Introduction to FormulaScript

To create dynamic and useful calculators it is important to be able to leverage ConvertCalculator's powerful formula system named FormulaScript.


First of all, what exactly are formulas? Formulas are a collection of operations on values to produce a result. Right.. that does not seem to help, but let's start with an example. 1 + 2 is a formula that when calculated produces the result 3. In this example 1 and 2 are values, addition is the operation (denoted by the operator +), and 3 is the result. As you would expect, FormulaScript has all the common arithmetic operators: + for addition, - for subtraction, * for multiplication, / for division, and ^ for exponentiation.

FormulaScript conforms with the standard operator precedent, but you may use brackets to change the order in which the operations are run: 3 * (1 + 2). Note that + and - have a dual function since they can be used to add and subtract two values, but can also be used to turn a value positive and negative respectively: +(5 - 10) and -(5 + 10).


Until now FormulaScript seems like a glorified calculator, but FormulaScript offers more powerful features that allow you to build interesting calculators.


As shown above, you can use numbers in your calculations. Numbers can be whole numbers such as 1, 2 and 912748127, but they can also have fractional values behind the decimal separator . such as 1.5, 0.37182 and 1.0. Note that for decimal numbers that lead with a 0 you can omit this 0, so 0.23 can also be .23. To improve readability for large numbers you can insert _ to separate the digits e.g. 1_000_000, note that the underscores have no meaning and are disregarded entirely meaning they can be inserted anywhere in the number except at the start e.g. _10.


FormulaScript also allows you to work with textual data known as strings. Strings are any text enclosed by quotes e.g. "This is a string" and "Strings can also have numbers 1191847" and 'Strings can be enclosed by single quotes as well'. To combine two strings you can use the concatenation operator & e.g. "A" & "B" to get "AB". It is possible to use quotes inside of strings just make sure the outer quotes are not used within the string e.g. "This is a 'string' with quotes" or 'this is a "string" with quotes'.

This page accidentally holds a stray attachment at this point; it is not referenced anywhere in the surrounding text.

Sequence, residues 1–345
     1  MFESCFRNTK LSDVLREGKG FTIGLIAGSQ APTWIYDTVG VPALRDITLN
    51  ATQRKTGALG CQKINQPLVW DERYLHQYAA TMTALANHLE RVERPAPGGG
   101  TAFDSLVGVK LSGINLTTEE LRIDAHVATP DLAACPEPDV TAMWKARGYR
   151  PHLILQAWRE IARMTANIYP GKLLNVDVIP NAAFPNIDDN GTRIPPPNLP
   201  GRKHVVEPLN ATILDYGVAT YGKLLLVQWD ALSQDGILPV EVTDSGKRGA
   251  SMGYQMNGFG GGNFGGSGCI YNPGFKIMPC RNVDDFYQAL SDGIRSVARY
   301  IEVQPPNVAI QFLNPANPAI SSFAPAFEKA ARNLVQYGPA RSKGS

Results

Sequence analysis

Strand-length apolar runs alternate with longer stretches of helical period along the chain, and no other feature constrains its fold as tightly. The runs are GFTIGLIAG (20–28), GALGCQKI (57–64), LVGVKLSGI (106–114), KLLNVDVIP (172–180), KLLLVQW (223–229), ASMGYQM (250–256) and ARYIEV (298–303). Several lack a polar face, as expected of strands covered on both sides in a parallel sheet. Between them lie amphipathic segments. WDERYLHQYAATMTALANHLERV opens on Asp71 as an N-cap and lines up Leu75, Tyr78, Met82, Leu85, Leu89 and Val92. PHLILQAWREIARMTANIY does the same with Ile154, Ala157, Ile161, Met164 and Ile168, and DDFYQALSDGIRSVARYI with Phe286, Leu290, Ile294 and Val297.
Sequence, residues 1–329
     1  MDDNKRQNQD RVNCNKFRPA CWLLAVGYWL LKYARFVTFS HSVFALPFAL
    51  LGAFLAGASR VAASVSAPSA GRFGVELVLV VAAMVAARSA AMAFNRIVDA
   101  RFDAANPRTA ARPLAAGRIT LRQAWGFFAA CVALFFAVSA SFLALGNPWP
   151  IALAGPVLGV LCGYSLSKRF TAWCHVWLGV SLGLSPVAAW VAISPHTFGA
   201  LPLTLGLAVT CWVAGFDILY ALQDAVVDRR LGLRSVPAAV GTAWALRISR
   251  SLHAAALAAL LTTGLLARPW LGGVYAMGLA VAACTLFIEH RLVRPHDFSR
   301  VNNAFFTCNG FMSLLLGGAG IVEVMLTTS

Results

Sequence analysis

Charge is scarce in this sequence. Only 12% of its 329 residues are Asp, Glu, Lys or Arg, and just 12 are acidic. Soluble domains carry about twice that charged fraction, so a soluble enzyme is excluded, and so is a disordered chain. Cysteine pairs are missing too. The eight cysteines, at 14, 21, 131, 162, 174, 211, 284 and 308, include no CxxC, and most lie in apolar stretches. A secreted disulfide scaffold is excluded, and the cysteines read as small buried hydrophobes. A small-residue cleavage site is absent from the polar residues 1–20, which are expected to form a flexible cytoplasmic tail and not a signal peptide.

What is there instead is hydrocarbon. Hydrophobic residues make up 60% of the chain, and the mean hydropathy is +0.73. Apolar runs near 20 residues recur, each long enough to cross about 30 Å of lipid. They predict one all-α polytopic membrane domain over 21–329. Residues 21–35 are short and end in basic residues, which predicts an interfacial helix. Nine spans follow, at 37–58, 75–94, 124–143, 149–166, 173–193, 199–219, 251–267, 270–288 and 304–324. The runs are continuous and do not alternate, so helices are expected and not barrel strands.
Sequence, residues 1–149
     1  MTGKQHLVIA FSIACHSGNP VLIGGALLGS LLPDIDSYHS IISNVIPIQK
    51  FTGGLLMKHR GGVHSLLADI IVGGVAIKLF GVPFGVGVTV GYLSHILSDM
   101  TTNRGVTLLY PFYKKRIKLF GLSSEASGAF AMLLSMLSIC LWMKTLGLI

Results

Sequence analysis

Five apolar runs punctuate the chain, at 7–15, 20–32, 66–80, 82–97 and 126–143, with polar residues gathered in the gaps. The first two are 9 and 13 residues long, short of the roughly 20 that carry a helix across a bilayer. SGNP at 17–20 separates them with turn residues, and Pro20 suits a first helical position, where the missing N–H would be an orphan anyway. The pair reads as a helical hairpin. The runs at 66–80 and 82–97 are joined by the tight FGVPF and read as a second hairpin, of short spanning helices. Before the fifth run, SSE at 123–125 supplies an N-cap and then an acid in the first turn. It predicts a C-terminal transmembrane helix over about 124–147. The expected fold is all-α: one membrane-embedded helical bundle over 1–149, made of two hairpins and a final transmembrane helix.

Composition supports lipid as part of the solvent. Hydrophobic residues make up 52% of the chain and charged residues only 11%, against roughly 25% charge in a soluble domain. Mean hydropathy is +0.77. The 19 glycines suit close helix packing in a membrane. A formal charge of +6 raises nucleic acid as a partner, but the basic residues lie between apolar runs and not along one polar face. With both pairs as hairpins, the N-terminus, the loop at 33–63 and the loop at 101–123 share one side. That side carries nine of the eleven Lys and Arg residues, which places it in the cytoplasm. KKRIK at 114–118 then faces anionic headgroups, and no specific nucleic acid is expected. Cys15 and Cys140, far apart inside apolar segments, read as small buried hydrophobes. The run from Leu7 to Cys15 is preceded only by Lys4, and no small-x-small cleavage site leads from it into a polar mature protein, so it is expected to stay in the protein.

Sometimes it is useful to encode if values are true or false. In such cases it is entirely possible to use the numbers 1 and 0 to define true of false. However, since this is a common pattern, FormulaScript allows you to use the literal words true and false. Note that these words are case-insensitive so you could also write True, FALSE or even tRuE. Boolean values by themselves are not extremely useful, but boolean values happen to be the results of comparisons.


Comparisons are how you compare two values with each other. For example, you could check if a number is smaller than another number 10 < 15 and in this case the result of this comparison is true, because 10 is smaller than 15.

  • To check if two values are bigger or smaller you can use > and < respectively.
  • To check if two values are greater or equal use >= or less than or equal use <= .
  • To check if two values are the same you can use = e.g. (10 + 1) = 11.
  • To check if two values are NOT similar use <> e.g. 10 <> 11.

You can use compare strings too, but only to check if they are the same e.g. "A" = "A" or "A" <> "B".

Note that comparisons have the lowest precedence in formulas so 2 < 1 + 1 is interpreted as 2 < (1 + 1).


The real power of FormulaScript comes from functions. Functions are collections of code written for you to achieve some common or even complex case. To use functions you must first define its name, then give the arguments, delimited by comma's or semicolon's, enclosed by parentheses: FUNCTION(argument_1, argument_2; argument_3, ...; argument_n). Note that function names are case-insensitive. ConvertCalculator provides a lot of functions for different use-cases such as logical operations, financial and statistical calculations, and math functions. To see a full list of functions refer to this overview.


Now all of these features are useless if you cannot interact with dynamic values which come from your forms. FormulaScript allows you to reference values by a name. The names you can use depend on the elements you have added to your calculator as well as the variables you have added. A common name is QA which is the default name for the first question element you added to your calculator. To use this value you can reference it in a formula either by itself, then it will just return the value QA, or in some sort of calculation (QA * 5) - 10_000. Every feature explained above allows references instead of a normal value.

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